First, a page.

– PO • Review the transaction at risk with the ISFL AML Committee • Where decision has been made to file US, filing must be done within 7 days of arriving at the decision. Responsibility – Designated Director • Review and supervise the process of reporting the suspicious transactions to PO and ensure effective compliance of the guidelines stipulated by SEBI from time to time. The STRs are to be filed at the following address: Director, FIU-IND, Financial Intelligence Unit-India. 6th Floor, Hotel Samrat, Chanakyapuri, New Delhi – 110021 Website : http://fiuindia.govin No restrictions shall be put on operations in the accounts where an STR has been filed. ISFL, its directors and employees shall not disclose any information about the filed STR to be client. Any change in the name of Principal Officer or the Designated Director has to be intimated to FIU immediately. 7. Internal Reporting for Transaction at Risk Processes for alert generation, examination and reporting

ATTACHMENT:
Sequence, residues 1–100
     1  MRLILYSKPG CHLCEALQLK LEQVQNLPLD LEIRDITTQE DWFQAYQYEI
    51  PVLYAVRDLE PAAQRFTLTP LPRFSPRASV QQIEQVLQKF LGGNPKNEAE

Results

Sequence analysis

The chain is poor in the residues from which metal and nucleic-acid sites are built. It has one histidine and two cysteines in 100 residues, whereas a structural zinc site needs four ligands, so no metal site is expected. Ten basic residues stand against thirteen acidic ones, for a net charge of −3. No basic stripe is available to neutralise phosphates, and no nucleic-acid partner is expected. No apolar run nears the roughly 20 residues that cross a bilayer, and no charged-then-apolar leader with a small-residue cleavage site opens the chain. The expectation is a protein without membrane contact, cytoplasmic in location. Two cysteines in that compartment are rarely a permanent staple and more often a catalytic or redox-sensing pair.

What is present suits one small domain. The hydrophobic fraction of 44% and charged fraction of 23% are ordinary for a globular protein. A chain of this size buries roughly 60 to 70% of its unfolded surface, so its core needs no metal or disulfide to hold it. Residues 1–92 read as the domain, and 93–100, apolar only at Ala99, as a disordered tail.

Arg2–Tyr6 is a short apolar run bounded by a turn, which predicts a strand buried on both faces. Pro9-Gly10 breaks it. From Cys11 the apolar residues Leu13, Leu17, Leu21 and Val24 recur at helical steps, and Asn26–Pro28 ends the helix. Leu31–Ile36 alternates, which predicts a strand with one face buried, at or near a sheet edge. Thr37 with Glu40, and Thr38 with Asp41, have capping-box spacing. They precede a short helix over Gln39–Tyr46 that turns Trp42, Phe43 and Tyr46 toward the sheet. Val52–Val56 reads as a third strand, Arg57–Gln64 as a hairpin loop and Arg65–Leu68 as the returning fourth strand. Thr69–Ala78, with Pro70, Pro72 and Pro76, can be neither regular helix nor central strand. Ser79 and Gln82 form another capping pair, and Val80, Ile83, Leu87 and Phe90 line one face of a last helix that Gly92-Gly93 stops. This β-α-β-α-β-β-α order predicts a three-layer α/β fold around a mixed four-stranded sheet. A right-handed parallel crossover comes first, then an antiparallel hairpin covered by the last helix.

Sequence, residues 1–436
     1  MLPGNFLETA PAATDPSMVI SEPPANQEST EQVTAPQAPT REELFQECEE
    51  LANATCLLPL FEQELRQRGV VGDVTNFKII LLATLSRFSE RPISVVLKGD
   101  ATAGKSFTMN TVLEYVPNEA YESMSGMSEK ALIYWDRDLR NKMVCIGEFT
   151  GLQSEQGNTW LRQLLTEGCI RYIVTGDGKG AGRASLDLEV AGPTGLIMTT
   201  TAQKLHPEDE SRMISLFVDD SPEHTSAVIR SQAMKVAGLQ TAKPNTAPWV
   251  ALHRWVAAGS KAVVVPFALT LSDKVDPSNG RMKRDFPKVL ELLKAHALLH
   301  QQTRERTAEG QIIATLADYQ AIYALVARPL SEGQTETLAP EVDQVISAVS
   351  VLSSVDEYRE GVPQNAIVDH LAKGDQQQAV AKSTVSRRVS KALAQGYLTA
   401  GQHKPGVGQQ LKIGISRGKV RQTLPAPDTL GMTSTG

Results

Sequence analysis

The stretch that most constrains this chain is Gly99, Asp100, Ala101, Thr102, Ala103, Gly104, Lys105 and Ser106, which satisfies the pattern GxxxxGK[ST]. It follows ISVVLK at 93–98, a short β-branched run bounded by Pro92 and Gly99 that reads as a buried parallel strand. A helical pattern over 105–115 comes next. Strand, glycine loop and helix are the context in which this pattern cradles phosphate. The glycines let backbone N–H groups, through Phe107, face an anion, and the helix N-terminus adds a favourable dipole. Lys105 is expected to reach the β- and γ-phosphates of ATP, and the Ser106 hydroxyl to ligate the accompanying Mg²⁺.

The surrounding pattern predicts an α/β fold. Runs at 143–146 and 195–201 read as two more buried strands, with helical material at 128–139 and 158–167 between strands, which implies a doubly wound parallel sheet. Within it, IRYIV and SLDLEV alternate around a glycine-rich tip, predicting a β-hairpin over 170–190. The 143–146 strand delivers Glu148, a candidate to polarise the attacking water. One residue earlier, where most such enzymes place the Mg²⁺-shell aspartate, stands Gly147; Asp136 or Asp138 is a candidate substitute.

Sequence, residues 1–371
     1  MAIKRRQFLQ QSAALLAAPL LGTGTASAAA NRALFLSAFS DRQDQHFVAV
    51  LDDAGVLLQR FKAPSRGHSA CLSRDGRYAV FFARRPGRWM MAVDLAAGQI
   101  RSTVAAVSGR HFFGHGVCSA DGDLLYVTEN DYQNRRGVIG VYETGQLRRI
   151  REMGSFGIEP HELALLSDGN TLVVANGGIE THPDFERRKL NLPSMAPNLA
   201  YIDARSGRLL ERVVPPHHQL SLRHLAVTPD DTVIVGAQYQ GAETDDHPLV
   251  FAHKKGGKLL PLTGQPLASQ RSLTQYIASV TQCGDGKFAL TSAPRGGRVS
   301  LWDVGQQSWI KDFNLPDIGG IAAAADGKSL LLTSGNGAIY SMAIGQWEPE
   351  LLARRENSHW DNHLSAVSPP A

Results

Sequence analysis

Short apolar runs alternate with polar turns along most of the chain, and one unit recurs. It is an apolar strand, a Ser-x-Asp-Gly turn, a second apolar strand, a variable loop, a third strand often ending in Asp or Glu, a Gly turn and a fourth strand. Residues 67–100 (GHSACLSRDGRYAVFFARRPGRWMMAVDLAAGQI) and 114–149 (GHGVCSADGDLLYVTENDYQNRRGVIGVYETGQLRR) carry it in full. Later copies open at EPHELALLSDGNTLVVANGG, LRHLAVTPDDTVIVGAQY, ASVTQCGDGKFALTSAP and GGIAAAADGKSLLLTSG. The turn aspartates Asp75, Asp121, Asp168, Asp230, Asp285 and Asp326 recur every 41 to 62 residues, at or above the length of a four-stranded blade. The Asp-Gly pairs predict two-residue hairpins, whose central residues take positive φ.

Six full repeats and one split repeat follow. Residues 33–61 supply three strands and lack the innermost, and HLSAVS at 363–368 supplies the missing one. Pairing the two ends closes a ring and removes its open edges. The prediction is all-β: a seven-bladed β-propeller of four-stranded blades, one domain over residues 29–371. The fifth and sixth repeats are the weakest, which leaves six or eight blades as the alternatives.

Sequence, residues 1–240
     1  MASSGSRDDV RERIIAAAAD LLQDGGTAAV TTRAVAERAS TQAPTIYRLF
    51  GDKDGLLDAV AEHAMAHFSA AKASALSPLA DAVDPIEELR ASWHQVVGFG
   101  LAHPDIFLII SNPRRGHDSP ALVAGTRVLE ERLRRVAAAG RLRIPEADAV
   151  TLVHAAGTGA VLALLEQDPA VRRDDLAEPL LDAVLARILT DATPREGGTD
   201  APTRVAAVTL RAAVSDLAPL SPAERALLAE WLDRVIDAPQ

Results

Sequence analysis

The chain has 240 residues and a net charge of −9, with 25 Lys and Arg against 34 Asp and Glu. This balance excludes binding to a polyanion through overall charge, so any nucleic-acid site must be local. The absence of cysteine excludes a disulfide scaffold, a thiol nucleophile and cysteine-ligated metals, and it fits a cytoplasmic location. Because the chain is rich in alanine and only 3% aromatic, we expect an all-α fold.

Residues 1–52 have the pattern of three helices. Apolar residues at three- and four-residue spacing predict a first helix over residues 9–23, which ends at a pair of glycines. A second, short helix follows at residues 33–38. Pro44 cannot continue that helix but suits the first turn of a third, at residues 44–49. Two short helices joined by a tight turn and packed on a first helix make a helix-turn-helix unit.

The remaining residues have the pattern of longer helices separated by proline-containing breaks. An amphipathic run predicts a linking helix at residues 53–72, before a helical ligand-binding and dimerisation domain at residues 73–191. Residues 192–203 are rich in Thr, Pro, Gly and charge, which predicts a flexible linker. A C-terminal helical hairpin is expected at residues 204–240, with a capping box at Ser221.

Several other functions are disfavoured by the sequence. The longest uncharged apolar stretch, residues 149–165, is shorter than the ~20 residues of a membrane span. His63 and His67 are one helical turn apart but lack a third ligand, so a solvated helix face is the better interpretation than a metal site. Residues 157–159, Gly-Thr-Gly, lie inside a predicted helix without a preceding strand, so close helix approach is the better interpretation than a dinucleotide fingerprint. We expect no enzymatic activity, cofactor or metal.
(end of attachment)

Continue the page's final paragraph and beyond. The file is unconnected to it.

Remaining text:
could include • Audit trail for all alerts generated till they are reported / closed “ISFL” Handbook on Anti-Money Laundering (17.062021) Page 14 of 17 • • • • • Clear enunciation of responsibilities at each stage of process from generation, examination, recording and reporting Escalation through the organization to the principal officer designated for PMLA Confidentiality of STRs filed Retention of records for a period of 5 years If the nature of suspicious trading cannot be categorized by any of the preset risk categories, please describe the nature of the suspicion as best as possible u nder “Others”. Please include all information which you think may be helpful in assisting in their investigations. Examples of these are: ❖ What aroused the staff’s suspicion (i.e deviation from the standard operation of the account, forgery of documents etc.)? State the actual reason for the suspicion ❖ The date of any meetings which the staff may have with Customer